Now that tradition, for individuals and groups, is what allowed the Arabs to survive and Islam to thrive.  And it still operates strongly in the Middle East.  We can reflect on the contemporary situation and how many of the outside efforts to impose peace run contrary to this tradition.  So when a Western nation says to a delegation of even moderate Palestinians that they should stop the provocative attacks because they will only get more of their fighters killed and it is counterproductive, it goes nowhere.  It is for them a loss of their major responsibility of being able to protect their people in the future.  Even if they made peace with Israel in this way and it held (which they doubt), then the Shiites would sense the weakness and try and take over the Sunni dominance.  Or the neighboring Arab countries would carve up the Palestinian land and/or they would be dominated by those hegemon nations.  Long before the 20th century creation of Israel and the dispute that followed, the Arab countries have been invading, attacking, and destabilizing each other except when they were prevented from doing so by Colonial powers (Western and the Ottoman Empire which “brought peace to the Middle East”).

In the most successful peace achievement in the Modern Middle East–the Egyptian-Israeli Peace Treaty, in order to sell it to the Egyptian Parliament and the Public, that nation had to start a surprise war with Israel, do some significant military damage, and get a cease fire before their country was totally destroyed.  But despite the fact that their entire Air Force was wiped out, the war was sold to the Egyptians as a victory for Egypt, but for the fact that a cease fire was imposed by the other countries (the “elders”).  Therefore, they could then be magnanimous and if they got back the entire Sinai Peninsula make a political calculus and make a treaty.  They did not show weakness or fear.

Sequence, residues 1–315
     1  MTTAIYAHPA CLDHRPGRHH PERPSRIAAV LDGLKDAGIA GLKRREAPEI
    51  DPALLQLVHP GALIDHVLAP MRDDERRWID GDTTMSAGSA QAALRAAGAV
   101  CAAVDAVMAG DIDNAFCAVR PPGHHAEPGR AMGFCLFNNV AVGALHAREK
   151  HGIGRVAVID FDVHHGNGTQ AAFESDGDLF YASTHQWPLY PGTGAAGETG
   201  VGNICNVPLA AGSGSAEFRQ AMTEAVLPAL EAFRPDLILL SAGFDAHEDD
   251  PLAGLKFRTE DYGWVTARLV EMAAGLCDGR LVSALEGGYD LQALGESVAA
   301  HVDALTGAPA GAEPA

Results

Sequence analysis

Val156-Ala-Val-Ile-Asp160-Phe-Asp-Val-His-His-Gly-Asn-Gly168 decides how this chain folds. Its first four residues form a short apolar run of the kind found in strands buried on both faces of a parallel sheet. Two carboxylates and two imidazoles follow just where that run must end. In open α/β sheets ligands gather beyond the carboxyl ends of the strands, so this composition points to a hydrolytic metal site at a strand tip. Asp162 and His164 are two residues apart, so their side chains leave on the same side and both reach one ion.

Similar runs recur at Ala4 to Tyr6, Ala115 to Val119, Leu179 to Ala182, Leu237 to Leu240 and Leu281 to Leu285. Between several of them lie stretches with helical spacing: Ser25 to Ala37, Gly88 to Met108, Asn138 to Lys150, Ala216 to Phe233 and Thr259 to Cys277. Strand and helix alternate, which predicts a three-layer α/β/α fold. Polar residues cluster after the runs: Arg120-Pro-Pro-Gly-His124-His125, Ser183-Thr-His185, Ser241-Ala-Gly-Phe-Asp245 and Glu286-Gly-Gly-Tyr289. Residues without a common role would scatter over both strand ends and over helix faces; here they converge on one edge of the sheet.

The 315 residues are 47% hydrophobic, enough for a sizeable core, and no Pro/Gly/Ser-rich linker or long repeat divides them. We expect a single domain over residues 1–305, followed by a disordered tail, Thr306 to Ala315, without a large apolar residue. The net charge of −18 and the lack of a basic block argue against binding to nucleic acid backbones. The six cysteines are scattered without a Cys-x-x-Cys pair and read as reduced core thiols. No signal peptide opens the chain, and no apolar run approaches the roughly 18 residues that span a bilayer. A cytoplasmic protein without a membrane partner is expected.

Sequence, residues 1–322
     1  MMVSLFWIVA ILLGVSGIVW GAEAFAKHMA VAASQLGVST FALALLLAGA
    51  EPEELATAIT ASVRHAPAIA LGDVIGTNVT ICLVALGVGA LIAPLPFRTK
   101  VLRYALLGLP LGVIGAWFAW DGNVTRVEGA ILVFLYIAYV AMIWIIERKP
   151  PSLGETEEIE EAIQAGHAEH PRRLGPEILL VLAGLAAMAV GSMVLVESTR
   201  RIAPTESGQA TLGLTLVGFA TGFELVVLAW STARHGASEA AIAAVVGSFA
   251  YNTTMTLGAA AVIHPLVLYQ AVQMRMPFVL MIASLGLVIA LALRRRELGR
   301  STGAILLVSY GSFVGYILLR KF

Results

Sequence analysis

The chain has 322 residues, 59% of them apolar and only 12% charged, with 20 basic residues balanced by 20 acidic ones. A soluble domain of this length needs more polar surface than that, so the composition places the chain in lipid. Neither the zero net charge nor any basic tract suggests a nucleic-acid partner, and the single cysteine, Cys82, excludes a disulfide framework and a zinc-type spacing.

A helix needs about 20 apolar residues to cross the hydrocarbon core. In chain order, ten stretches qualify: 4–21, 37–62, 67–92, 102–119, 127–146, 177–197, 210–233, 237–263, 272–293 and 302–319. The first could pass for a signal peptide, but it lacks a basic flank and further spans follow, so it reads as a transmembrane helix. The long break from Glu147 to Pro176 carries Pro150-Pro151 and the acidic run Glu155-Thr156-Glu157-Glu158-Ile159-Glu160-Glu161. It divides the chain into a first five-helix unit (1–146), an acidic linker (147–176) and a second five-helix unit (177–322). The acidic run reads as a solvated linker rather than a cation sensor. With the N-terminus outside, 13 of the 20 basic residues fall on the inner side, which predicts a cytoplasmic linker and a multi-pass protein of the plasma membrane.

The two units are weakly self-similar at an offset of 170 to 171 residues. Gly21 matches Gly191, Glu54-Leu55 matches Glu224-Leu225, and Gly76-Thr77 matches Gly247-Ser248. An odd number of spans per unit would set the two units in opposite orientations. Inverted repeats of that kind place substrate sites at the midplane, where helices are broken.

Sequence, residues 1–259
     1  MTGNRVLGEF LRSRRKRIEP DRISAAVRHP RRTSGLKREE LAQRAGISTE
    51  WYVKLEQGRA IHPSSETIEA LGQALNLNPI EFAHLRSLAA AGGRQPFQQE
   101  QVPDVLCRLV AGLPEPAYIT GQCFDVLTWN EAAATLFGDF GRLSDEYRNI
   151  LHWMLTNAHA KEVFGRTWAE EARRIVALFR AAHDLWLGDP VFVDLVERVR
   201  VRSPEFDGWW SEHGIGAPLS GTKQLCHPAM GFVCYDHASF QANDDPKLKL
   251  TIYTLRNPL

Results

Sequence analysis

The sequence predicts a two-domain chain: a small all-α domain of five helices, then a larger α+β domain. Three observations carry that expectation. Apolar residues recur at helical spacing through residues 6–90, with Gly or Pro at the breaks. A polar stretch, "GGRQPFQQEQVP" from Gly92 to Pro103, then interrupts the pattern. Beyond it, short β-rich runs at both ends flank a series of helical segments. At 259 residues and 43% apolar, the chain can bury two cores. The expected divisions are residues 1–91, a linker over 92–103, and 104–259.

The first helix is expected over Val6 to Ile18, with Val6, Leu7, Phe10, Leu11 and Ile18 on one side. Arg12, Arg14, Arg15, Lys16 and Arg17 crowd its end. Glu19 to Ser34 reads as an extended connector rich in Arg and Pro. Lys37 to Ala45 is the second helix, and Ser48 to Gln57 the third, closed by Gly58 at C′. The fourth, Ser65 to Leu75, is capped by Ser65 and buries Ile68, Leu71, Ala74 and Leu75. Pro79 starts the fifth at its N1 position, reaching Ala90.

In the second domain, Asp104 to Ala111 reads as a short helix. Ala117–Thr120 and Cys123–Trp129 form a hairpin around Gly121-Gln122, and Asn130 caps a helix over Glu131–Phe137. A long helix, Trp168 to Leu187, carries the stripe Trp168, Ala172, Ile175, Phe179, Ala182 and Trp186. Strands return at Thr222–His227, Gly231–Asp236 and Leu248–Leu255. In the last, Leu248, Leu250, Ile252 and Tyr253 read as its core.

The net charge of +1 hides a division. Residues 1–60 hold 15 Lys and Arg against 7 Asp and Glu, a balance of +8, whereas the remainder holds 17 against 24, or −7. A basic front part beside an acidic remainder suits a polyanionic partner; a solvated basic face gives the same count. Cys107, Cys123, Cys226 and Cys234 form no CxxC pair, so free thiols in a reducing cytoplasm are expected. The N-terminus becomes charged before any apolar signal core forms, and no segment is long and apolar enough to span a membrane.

Unfortunately, the Palestinians are weak in almost every facet of life.  Poverty is prodigious; personal and organizational corruption is rampant; governance is incompetent; education is ideological and impractical for the modern world; the military is undisciplined and is not under a unified command; its industry is feeble; and complicating the situation is the fact that there is a de facto civil war and no government that speaks for both of the major political factions.  Without the largess of the United Nations, some of the other Arab counties, and many of the Western nations including the U. S., the Palestinians are saved the ultimate embarrassment of being a failed state, by not being a state at all.

However, in many ways the Palestinians have more potential for a successful modern state. They have a better literacy rate than most Arab countries, and they tend to be much harder and more intense workers than others.  They are less sexist and some of their leaders in politics and other fields have had successful women.  Their contact with Israeli business and industry that was very common before their extremist violence prompted the Israelis to close down the economic ties and cross employment.